You are not permitted to download, save or email this image. Visit image gallery to purchase the image.
The campaign involves a collaboration of several social service agencies, which will be distributing 5000 fold-up cards entitled "Safety tips for a bloody good time".
They will also offer education sessions to a wide range of groups, packs containing information and condoms, and a variety of posters with themes associated with the Rugby World Cup.
The posters include one which says "Consent, crouch, touch, condom".
Dunedin sexual health unit clinical leader Dr Jill McIlraith said abstention was the only way people could be "absolutely sure" they did not get a sexually-transmitted infection, but she accepted that was not realistic.
She advocated people should be prepared to "look after themselves" and think ahead to ensure they could keep themselves sexually safe.
It was not about telling people not to have a good time , but they should "in the nicest possible way" protect themselves from the risk of infection from visitors.
Women should not have more than two standard drinks in an evening and men no more than three so they were in a position to make sensible choices about their physical health, she said.
Public Health South sexual health promotion adviser Alex Massey said the campaign would emphasise the need to plan the evening beforehand and encouraging friends to support each other, so "at the end of the night your mates know where you are and how you are getting home".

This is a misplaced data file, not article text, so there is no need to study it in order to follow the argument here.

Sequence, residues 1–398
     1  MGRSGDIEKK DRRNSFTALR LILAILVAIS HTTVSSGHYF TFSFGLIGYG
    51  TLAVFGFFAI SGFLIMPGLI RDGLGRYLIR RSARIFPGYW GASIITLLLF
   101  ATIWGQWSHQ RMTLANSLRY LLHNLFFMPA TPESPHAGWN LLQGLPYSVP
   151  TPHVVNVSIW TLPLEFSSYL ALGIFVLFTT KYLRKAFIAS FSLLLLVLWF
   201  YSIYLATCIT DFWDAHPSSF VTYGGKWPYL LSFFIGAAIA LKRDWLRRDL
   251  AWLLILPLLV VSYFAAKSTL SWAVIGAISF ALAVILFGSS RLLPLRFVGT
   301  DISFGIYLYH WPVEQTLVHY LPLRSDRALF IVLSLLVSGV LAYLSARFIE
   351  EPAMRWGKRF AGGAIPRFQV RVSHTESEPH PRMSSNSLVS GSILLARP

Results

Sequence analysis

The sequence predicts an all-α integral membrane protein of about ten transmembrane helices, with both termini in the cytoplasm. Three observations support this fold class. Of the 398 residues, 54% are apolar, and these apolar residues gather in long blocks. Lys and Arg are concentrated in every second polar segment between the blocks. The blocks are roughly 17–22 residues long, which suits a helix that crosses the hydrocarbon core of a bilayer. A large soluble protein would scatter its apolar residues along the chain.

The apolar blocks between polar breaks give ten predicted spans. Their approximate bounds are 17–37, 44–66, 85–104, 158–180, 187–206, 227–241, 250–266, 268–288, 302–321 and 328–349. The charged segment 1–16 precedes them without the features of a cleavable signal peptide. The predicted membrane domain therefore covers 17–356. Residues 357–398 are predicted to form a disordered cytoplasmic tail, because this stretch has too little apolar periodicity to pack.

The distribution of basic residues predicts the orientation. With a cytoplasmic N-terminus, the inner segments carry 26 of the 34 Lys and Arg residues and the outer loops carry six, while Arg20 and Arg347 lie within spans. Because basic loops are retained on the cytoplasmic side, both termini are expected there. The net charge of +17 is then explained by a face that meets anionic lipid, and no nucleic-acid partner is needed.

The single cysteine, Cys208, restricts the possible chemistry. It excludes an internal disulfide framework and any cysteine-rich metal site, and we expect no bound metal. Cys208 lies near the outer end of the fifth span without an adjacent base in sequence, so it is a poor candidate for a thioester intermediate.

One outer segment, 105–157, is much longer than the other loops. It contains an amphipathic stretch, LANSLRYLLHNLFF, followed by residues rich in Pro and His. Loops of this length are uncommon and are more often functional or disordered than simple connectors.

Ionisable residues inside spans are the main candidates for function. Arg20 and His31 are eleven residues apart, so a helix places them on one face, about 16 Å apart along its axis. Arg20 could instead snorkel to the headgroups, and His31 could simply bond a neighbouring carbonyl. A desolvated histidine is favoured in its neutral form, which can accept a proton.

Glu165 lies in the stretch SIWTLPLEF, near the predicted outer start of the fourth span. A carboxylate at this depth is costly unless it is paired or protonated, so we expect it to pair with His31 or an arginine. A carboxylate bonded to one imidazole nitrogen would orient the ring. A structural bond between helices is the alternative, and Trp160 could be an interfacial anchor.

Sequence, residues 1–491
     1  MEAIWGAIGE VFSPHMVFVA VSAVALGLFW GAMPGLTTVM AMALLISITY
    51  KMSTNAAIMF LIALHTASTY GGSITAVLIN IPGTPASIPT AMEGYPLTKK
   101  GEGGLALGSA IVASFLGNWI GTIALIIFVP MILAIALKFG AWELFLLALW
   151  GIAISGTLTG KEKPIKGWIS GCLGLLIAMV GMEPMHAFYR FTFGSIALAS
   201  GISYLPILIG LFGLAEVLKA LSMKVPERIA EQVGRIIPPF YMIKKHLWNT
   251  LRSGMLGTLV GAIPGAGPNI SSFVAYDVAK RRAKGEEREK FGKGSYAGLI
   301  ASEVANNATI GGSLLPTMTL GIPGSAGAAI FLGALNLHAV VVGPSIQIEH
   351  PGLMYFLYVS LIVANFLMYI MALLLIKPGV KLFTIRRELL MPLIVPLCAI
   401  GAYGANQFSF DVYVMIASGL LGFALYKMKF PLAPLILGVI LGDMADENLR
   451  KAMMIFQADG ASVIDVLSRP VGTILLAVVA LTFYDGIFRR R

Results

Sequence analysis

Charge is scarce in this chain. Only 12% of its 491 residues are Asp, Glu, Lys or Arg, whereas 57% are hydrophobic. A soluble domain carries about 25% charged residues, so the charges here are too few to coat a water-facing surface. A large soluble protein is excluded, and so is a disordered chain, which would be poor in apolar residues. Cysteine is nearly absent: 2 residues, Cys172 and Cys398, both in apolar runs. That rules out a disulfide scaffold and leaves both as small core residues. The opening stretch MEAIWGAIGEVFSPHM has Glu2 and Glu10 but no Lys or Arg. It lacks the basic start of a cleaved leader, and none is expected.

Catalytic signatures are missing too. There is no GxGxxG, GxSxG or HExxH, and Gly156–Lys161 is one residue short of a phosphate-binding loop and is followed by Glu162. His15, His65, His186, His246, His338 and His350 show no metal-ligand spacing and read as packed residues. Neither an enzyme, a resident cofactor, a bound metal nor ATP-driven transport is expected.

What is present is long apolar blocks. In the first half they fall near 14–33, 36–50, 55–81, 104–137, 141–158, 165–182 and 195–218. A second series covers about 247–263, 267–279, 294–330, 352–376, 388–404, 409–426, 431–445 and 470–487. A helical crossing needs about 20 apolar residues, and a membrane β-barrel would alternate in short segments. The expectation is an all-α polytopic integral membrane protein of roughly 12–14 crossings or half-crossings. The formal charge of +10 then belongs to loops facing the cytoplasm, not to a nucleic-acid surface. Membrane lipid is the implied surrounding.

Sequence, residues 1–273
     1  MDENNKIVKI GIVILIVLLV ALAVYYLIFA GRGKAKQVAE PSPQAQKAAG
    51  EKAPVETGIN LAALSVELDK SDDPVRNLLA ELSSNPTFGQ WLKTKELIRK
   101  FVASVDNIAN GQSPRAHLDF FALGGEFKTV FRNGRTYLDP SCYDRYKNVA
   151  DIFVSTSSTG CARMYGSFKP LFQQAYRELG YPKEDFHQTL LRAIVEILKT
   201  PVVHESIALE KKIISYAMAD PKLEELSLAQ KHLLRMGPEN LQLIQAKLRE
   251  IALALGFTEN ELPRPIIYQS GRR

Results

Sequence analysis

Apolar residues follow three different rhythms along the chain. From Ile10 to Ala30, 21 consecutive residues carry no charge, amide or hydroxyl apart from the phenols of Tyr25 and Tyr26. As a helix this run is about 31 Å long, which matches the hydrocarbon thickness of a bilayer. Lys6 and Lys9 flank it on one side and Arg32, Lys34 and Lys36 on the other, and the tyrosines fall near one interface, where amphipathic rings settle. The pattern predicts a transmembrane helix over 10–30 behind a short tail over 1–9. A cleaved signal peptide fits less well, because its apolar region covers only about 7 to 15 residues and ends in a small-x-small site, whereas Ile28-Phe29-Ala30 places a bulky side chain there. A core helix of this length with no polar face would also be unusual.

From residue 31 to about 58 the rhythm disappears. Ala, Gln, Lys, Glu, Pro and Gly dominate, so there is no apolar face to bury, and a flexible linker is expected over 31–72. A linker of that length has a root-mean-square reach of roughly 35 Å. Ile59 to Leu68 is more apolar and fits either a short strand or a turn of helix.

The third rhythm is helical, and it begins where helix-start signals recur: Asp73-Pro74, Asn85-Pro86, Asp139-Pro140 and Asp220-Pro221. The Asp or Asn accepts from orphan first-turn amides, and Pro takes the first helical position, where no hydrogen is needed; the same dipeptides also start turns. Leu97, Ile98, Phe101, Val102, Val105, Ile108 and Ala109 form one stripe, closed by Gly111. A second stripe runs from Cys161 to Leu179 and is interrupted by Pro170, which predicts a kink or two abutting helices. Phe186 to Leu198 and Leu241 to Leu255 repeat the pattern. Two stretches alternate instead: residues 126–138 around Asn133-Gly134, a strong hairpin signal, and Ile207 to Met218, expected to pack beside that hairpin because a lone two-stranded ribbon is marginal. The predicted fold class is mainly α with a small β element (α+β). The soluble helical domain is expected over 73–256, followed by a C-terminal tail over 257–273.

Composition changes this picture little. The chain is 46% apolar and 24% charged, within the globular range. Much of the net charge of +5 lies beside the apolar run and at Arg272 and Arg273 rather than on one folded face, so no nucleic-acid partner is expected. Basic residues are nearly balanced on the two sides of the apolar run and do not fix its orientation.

The issues of consent and condom use would be highlighted.
The campaign is not just aimed at young people.
Mr Massey said it was acknowledged those aged 35 and older around the world had the highest increase in STI rates.
This was due to many factors, including that people of that age could be worried about accessing services because "they think they should know better".
Often, they had not been exposed to the same amount of sexual education as younger people.
Some women who had gone through menopause and were no longer at risk of pregnancy overlooked the risk of STIs.
Dr McIlraith said while chlamydia was the most common STI in those under the age of 25, for those over 40, syphilis was on the increase. Middle-aged people often had the idea the risks did not apply to them and that it was "only a little bit of sex", but infections were not discriminating and "bugs go where the action is.
"If you are having action and alcohol, you are at risk."
The cards to be distributed will fold down to business-card size and are designed for people to slip into purses, wallets or pockets.
They will contain information about how to contact any of the groups involved with the promotion, including sexual health clinics, Family Planning, Rape Crisis, Youthline, the Hepatitis C Support Centre, the needle exchange centre DIVO and the prostitutes' collective.
Hepatitis C Resource Centre co-ordinator Allison Beck said the collaboration between the various organisations was "quite crucial", as it allowed them to reach more people.
The campaign is aimed at a broad audience throughout the two provinces and the education offered to a variety of organisations, ranging from sports clubs and places providing entertainment, to general practices and accommodation providers.
As each of the participating agencies had their own advisers and health promoters, people could choose the most relevant group to provide the education, Ms Beck said.